The remainder of his time is spent overseeing the processing department, manure and grounds keeping and other areas.  Ramsdell even takes the farm’s local delivery truck out to deliver eggs occasionally.

“My family loves this lifestyle. Taking care of hens and producing an affordable food source is rewarding.” Both of his children enjoy watching the chicks grow, reworking eggs, and helping around the farm.


The Quietly Amazing Story of Eggs, Hens, Farmers and the Environment

Egg farmers go about their business quietly, with a simple but focused commitment on continuous improvements in how they care for and raise their hens to produce eggs. This care starts with forethought into how best to design the system that egg farmers will use to house, feed and care for their laying hens.The goal of this planning?  Egg farms that are thoughtfully designed and constructed so that when the farms are in operation:

  • The laying hens can be well-cared for, well-fed, healthy and productive, yielding an abundant quantity of high-quality eggs at affordable prices.
  • The operation uses no more feed, water and energy than is absolutely required.
  • The manure the hens produce can be responsibly managed and recycled into highly productive uses like natural fertilizers for crops such as corn and soybeans that can again feed farm animals like laying hens, and do this with as little loss of nutrients to water or the air as possible.

The process of learning about and improving these systems never ends. Egg farmers are always working with top scientists, researchers, engineers and technical experts, studying their egg farming systems, looking for ways to make them better. When they find these improvements, the changes are incorporated into the next generation of egg farms’ design and operation.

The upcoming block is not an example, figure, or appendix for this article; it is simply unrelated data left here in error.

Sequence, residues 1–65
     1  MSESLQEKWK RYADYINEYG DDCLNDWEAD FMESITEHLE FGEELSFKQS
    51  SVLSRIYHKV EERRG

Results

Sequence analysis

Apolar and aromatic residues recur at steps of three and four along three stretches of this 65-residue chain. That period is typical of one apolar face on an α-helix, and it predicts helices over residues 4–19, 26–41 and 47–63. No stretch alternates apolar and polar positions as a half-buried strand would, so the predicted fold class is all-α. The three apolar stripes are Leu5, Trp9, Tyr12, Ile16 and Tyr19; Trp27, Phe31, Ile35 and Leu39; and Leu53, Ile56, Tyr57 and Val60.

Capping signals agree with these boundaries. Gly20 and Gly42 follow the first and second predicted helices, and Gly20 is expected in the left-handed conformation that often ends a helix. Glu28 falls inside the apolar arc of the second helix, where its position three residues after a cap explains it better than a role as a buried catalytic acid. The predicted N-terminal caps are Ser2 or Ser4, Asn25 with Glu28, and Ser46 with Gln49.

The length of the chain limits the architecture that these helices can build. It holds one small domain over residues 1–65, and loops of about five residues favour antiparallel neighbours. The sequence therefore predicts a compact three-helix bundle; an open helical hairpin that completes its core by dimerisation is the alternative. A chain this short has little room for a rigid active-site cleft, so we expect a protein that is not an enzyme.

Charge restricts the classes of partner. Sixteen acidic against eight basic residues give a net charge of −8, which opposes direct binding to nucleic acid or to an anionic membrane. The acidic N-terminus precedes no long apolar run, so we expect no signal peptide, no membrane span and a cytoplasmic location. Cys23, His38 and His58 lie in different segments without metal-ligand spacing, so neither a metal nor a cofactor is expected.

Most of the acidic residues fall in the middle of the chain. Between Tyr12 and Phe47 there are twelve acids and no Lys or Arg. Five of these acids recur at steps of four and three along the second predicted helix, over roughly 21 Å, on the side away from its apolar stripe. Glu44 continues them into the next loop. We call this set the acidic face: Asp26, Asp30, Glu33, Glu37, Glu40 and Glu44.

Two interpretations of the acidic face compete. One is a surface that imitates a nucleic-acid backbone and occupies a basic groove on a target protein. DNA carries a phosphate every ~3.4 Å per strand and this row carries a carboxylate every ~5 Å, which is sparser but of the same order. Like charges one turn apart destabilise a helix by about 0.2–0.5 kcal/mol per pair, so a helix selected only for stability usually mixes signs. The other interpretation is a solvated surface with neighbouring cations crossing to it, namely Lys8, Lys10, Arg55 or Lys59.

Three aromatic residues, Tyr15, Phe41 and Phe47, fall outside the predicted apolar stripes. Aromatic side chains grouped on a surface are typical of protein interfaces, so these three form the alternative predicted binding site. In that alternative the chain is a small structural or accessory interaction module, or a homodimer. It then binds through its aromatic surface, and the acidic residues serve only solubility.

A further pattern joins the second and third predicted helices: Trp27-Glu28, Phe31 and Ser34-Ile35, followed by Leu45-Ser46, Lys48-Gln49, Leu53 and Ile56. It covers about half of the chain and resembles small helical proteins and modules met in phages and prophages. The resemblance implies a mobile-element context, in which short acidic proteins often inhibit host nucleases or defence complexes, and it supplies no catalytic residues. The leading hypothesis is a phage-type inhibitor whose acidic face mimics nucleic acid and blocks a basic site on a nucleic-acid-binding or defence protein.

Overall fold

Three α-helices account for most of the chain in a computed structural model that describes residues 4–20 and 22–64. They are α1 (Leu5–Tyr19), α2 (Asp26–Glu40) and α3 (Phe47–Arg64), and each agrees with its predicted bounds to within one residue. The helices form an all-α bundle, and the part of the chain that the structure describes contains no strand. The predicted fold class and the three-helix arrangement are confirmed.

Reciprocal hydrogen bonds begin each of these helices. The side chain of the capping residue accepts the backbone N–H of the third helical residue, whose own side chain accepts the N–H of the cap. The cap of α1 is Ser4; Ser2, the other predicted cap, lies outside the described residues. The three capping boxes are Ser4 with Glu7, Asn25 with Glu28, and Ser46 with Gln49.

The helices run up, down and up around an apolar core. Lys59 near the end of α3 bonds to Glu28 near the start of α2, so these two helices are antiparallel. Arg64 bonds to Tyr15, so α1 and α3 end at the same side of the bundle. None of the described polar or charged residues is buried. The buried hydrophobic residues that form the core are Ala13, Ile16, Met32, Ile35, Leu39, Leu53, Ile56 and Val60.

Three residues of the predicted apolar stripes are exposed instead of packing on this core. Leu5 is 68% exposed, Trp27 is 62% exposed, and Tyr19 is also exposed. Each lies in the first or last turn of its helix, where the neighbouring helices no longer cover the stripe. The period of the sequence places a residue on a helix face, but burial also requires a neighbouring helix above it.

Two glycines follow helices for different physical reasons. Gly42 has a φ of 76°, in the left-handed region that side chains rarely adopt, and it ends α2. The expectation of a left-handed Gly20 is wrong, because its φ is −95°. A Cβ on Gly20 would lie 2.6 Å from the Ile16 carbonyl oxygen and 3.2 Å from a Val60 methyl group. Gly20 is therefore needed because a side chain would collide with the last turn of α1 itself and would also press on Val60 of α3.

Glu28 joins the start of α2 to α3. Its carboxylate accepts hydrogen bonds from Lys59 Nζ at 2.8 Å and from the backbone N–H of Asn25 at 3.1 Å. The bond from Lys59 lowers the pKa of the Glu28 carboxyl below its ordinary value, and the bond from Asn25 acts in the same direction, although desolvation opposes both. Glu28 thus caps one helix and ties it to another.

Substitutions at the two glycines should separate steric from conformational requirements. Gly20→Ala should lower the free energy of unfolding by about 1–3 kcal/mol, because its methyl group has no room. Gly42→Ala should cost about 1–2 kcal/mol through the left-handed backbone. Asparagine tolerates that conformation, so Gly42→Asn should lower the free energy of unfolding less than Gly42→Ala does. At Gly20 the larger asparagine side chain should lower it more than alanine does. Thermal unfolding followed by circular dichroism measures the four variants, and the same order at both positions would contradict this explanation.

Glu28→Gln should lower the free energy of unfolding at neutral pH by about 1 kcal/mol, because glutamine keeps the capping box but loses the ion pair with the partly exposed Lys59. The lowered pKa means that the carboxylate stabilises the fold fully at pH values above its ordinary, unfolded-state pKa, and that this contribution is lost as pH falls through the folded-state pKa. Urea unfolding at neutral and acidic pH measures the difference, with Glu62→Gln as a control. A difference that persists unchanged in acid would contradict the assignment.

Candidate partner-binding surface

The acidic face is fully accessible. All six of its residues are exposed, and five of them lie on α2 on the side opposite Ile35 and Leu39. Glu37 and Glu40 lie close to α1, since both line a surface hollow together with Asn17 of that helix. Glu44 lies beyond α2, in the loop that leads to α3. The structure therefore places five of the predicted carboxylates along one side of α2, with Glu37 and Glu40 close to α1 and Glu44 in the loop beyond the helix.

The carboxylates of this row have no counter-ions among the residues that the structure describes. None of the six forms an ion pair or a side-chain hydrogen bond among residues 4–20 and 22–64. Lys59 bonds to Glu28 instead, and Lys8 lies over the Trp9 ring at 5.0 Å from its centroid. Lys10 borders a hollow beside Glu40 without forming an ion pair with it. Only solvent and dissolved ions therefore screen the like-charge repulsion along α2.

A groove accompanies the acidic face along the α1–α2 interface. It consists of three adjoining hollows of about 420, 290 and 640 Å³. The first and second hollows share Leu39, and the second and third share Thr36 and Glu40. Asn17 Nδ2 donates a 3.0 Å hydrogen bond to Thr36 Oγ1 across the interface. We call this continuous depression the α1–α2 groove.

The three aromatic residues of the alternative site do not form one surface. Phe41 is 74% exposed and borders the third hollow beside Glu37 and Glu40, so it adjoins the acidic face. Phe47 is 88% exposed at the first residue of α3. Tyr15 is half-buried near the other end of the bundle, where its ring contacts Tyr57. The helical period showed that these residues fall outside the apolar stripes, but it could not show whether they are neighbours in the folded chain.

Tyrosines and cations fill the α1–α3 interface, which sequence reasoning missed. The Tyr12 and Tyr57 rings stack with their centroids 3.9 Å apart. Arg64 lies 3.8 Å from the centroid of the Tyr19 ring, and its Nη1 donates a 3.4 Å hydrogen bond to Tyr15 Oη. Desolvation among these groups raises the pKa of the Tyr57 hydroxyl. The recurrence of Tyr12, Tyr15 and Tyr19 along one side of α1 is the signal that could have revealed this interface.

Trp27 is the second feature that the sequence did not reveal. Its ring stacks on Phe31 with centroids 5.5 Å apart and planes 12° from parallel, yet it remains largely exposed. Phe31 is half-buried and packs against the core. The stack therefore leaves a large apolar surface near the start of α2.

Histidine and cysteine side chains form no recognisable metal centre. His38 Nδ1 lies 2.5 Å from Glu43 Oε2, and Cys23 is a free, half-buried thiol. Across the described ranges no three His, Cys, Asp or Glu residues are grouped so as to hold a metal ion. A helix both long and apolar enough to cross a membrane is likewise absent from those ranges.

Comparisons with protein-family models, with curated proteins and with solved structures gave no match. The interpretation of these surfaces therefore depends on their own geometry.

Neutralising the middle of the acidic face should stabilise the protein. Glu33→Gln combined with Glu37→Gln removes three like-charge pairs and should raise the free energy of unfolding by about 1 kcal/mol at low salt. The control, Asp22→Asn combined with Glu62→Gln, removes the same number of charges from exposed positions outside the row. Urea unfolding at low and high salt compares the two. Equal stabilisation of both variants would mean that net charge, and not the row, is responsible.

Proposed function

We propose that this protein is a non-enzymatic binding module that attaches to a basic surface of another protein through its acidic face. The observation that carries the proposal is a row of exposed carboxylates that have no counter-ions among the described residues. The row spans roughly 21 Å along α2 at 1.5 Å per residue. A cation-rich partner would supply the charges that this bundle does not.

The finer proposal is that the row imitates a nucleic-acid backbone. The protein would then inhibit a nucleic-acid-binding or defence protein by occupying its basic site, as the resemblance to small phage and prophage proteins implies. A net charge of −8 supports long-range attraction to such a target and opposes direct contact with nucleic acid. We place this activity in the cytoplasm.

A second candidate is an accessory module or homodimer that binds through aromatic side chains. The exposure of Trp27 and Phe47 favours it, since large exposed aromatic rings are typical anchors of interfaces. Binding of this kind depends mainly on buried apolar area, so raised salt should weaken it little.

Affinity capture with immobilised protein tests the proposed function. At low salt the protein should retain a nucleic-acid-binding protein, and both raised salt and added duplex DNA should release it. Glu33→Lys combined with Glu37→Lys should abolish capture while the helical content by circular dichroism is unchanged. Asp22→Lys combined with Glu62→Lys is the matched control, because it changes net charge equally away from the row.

The results of egg farmers’ care and commitment speak for themselves….

  • 50-year study….producing more eggs now than in 1960 but with fewer hens than in 1960 and a far smaller environmental footprint.
  • Manure management operations that
    • the U.S. EPA has called “zero-discharge systems” able to ensure no loss of manure or manure nutrients to streams and rivers
    • in the last 15 years are reducing the emissions of ammonia to the air by 40% -60%, or more. 

Farmers do this because it is the nature of farming – a quiet focus on solving problems and using resources wisely, efficiently and productively.

And what makes all of this so amazing is the scale – 90 billion+ eggs.

  • People in the U.S. eat eggs, a lot of eggs, and this means egg farmers have to produce a lot of eggs to satisfy our demand for this great food.
  • The government estimates that the average person eats about the equivalent of 280 eggs a year (either in direct form like scrambled or hard-boiled, or indirectly when eggs are in recipes for pancakes, cakes, cookies, pastas, breads, and many other foods).
  • And we are a big country, with about 330 million people living today.
  • Put that together and U.S. egg farmers are producing more than 90 billion eggs each year, raising and managing collectively a flock of about 300 million laying hens.

Care, commitment, seeking continuous improvement, attention to details, with a focus on caring well for their hens, producing 90 billion eggs, and doing all of this responsibly in order to protect the environment – this is the quietly amazing story of eggs, hens, farmers and the environment.

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Additional Resources

For more information about eggs and the egg industry please follow the links below.